Ag exports, trade balance declining

Ag exports, trade balance declining

Lower exports and higher imports expected to push agricultural trade surplus below $10 billion in 2016.

The value of U.S. agricultural exports and imports increased each year from fiscal year (FY) 2009 through FY 2014, when the agricultural trade balance reached an all-time high of $43.1 billion. However, the U.S. Department of Agriculture’s recent “Outlook for U.S. Agricultural Trade” shows that the value of agricultural exports fell 8.3% in FY 2015 while imports grew by 4.5%, cutting the trade balance to $25.7 billion.

USDA projects the pattern to continue in FY 2016 as reduced exports and more imports are expected to push the agricultural trade surplus below $10 billion for the first time since 2006.

Lower commodity prices account for some of the decline in the value of exports, USDA noted, but a stronger U.S. dollar also plays a role. Additionally, China’s economic slowdown will have a trickle-down effect throughout the global economy and ultimately will affect the U.S.

“Unlike in 2009, when both exports and imports fell due to the global recession, in 2015 and 2016, imports are growing at the same time that exports are falling, reflecting the greater purchasing power of the U.S. dollar in international markets and the reduced purchasing power of foreign currencies to buy U.S. goods,” the outlook report notes.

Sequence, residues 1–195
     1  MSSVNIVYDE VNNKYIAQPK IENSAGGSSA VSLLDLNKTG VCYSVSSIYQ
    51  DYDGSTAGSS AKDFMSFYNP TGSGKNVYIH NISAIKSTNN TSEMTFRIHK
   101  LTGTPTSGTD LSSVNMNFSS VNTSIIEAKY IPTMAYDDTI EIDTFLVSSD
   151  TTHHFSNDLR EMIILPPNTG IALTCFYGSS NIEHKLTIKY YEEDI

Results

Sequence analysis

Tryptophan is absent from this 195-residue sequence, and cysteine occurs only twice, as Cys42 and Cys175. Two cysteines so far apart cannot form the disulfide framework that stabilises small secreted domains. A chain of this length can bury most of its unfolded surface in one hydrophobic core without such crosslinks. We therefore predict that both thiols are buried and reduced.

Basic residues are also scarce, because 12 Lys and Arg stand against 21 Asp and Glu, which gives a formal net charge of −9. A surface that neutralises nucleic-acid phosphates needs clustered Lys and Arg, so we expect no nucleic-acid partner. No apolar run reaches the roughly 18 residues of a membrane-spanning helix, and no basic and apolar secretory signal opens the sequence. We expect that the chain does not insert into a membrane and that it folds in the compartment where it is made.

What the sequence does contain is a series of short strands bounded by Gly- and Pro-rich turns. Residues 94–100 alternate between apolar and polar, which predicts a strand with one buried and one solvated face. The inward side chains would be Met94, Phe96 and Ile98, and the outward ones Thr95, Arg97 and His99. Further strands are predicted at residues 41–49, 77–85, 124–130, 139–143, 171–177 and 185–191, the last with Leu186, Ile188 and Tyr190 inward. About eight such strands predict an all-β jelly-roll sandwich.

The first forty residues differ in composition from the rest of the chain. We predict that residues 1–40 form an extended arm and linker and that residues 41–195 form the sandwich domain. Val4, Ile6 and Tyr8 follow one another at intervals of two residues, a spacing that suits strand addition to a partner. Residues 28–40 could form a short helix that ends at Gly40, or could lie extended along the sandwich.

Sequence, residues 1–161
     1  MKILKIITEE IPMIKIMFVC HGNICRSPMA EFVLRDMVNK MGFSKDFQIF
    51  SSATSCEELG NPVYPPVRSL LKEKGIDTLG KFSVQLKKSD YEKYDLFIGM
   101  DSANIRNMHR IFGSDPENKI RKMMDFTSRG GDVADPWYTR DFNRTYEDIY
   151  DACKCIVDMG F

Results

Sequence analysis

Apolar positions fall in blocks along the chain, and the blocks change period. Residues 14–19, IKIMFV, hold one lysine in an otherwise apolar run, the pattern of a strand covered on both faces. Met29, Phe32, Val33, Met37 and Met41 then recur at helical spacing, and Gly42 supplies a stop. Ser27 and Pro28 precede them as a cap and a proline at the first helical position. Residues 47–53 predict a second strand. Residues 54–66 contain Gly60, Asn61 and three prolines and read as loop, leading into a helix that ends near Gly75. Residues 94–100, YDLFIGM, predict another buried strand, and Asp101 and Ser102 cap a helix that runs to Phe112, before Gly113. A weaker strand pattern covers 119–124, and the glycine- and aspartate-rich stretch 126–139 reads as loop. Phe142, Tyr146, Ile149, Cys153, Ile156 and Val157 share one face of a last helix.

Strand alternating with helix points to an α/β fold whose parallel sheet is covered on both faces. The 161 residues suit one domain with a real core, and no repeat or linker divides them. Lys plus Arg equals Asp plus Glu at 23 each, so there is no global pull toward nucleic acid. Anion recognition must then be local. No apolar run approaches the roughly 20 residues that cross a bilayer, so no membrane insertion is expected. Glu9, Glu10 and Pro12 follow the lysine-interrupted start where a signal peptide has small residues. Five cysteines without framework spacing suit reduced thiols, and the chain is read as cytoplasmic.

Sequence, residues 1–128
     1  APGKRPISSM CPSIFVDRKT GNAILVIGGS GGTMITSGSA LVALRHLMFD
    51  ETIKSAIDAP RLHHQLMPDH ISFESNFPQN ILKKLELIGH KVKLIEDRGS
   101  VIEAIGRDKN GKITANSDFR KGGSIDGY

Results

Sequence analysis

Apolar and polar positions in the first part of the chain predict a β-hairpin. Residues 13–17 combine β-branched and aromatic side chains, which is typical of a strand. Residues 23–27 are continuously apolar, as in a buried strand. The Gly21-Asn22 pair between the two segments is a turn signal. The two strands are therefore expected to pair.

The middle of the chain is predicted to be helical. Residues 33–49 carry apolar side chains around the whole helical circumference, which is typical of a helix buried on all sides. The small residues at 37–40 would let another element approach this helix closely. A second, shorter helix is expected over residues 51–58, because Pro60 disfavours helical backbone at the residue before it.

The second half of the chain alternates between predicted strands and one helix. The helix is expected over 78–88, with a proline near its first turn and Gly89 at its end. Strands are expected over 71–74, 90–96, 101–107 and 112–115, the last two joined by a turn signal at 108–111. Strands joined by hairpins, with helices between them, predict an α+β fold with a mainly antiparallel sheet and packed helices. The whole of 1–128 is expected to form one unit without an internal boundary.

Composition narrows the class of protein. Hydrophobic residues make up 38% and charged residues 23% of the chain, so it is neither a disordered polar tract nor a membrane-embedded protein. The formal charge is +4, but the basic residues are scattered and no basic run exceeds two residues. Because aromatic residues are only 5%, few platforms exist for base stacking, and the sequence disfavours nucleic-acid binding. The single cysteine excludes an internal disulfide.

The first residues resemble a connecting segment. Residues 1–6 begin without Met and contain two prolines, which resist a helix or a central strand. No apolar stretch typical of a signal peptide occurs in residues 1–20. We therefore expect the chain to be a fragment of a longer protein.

FY 2016 agricultural exports are forecasted at $131.5 billion, down $7.0 billion from the August forecast and $8.2 billion below final FY 2015 exports. Most of the decline is accounted for by lower prices, strong competition and diminishing demand from China, USDA said.

Grain and feed exports are forecasted to fall $3.8 billion to $28.6 billion, with exports of coarse grains, feeds and fodders down a collective $2.3 billion as decreasing trade prospects with China sharply reduce exports of sorghum and dried distillers grains with solubles.

USDA lowered the forecast for livestock, poultry and dairy by $2.2 billion largely due to depressed prices for beef and pork spurred by increased supplies.

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